fighting spam and scams on the Internet
"419" Scam – Advance Fee / Fake Lottery Scam
The so-called "419" scam is a type of fraud dominated by criminals from Nigeria and other countries in Africa. Victims of the scam are promised a large amount of money, such as a lottery prize, inheritance, money sitting in some bank account, etc.
Victims never receive this non-existent fortune but are tricked into sending their money to the criminals, who remain anonymous. They hide their real identity and location by using fake names and fake postal addresses as well as communicating via anonymous free email accounts and mobile phones.
Keep in mind that scammers DO NOT use their real names when defrauding people.
The criminals either abuse names of real people or companies or invent names or addresses.
Any real people or companies mentioned below have NO CONNECTION to the scammers!
Read more about such scams here or in our 419 FAQ. Use the Scam-O-Matic to verify suspect emails.
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Some comments by the Scam-O-Matic about the following email:
- This email uses a separate reply address that is different from the sender address. Spammers use this to get replies even when the original spam sending accounts have been shut down. Also, sometimes the sender addresses are legitimate looking but fake and only the reply address is actually an email account controlled by the scammers.
- The following phrases in this message should put you on alert:
- "dear sir/madam" (a standard Nigerian greeting phrase)
- "million us dollars" (they want you to be blinded by the prospect of quick money, but the only money that ever changes hands in 419 scams is from you to the criminals)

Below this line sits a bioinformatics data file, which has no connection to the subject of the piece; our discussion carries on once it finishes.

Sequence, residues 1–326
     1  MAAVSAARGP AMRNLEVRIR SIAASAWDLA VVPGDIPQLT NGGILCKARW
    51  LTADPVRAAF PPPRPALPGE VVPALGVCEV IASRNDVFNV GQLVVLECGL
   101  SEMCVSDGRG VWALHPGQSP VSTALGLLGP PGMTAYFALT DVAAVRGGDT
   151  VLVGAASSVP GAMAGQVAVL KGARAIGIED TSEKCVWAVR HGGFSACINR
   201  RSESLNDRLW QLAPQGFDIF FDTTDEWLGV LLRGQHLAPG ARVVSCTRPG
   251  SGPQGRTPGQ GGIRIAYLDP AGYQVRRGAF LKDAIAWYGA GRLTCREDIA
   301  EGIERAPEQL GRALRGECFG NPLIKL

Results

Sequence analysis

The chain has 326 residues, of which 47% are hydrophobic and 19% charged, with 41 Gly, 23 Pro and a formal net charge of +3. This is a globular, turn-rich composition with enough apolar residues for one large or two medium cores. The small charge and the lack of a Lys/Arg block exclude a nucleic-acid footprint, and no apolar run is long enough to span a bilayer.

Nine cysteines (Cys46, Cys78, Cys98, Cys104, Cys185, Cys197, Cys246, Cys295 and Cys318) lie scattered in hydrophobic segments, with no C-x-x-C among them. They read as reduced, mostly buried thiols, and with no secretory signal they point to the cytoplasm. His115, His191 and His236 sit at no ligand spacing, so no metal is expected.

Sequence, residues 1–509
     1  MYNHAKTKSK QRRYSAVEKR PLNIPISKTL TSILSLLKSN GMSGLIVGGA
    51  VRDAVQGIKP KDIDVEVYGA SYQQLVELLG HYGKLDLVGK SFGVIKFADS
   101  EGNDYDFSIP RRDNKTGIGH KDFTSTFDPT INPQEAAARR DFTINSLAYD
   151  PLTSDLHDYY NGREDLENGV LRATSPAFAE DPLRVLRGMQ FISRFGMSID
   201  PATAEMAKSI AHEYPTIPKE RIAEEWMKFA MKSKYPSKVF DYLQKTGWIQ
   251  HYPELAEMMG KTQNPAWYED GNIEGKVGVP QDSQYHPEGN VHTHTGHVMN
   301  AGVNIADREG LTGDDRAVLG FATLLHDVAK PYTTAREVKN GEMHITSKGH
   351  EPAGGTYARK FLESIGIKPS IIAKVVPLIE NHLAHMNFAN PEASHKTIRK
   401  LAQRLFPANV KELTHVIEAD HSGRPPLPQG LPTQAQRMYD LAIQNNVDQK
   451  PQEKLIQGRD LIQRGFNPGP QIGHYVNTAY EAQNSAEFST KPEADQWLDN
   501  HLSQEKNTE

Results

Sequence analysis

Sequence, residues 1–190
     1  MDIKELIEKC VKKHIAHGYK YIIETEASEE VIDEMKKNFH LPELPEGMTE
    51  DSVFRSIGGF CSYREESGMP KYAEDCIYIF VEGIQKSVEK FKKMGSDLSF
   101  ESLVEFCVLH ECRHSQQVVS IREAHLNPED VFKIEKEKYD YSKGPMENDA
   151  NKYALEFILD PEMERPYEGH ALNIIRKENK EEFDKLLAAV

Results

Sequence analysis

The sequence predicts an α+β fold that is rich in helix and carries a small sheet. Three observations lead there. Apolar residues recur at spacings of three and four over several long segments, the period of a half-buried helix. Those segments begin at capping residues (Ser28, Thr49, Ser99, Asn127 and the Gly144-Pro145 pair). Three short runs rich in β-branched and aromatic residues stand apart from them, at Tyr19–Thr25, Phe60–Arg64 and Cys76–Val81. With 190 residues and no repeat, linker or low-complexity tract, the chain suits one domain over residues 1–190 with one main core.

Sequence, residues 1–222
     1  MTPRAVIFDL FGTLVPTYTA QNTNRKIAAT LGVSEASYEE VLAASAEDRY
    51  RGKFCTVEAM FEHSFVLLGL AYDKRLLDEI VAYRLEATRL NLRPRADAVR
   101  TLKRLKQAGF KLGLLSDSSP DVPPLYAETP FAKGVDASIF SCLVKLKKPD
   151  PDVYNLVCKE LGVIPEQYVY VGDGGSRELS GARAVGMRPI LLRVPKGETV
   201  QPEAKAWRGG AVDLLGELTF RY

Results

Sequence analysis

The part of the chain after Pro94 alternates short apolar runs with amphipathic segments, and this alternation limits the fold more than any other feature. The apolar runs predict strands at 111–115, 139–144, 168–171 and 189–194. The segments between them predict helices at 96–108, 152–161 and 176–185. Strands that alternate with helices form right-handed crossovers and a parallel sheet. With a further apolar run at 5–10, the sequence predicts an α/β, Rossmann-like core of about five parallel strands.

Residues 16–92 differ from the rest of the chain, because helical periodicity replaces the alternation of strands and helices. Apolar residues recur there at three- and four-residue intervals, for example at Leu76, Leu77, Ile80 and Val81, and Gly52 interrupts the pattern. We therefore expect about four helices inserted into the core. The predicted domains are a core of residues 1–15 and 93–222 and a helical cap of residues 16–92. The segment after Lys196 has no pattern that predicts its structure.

- "await your urgent response" (scammers rush victims so they don't have time to think properly)
- "foreign remittance department" (Banks mentioned in 419 scams are always fake (real banks don't communicate using mobile phones or free webmail addresses))
- This email message is a next of kin scam.
- This email lists free webmail addresses. Use of such addresses is typical for scams. Lotteries, banks and any but the smallest of companies do not normally use such addresses. Criminals use them to anonymously send and receive email at Internet cafes.
- email@example.com (AOL; can be used from anywhere worldwide)
Fraud email example:
From: "Musa" (may be fake)
Date: Thu, 1 Apr 2010 10:32:50 +0200
Subject: Dear Sir/Madam
I am Mr Ali Musa from Burkina Faso . I want to seek your assistance after my discovery during auditing in my bank as am the manager of Bill and Exchange
at the Foreign Remittance Department of BANK OF AFRICA,(B.O.A.) In my department I discovered an abandoned sum of USD$27 million US dollars in an account
that belongs to one of our foreign customers who died along with his entire family in plane Crash,
Since his death, we have been expecting his next of Kin to come over and claim his money because we can't release it unless somebody applies for it as
his next of Kin, please I want you to stand for me as his next of kin so that the bank will transfer the fund into your account then I will come over
to meet you in your country for my own share, do not view this as been illegal but an opportunity as await your urgent response to enable me give you
more details. please reply with those information's below so that I can know you very well before I go ahead with you, If you are not interested please
delete it.as follows.that you will have 40% of the above mentioned sum while 50% will be for me, and the other 10% will
be for the expences site to know more.http://www.cnn.com/2003/WORLD/africa/07/20/kenya.crash/
1. Your Full Names/Company name and Address
2. Direct Telephone and fax Numbers.
Expecting to hear from you.
Mr Ali Musa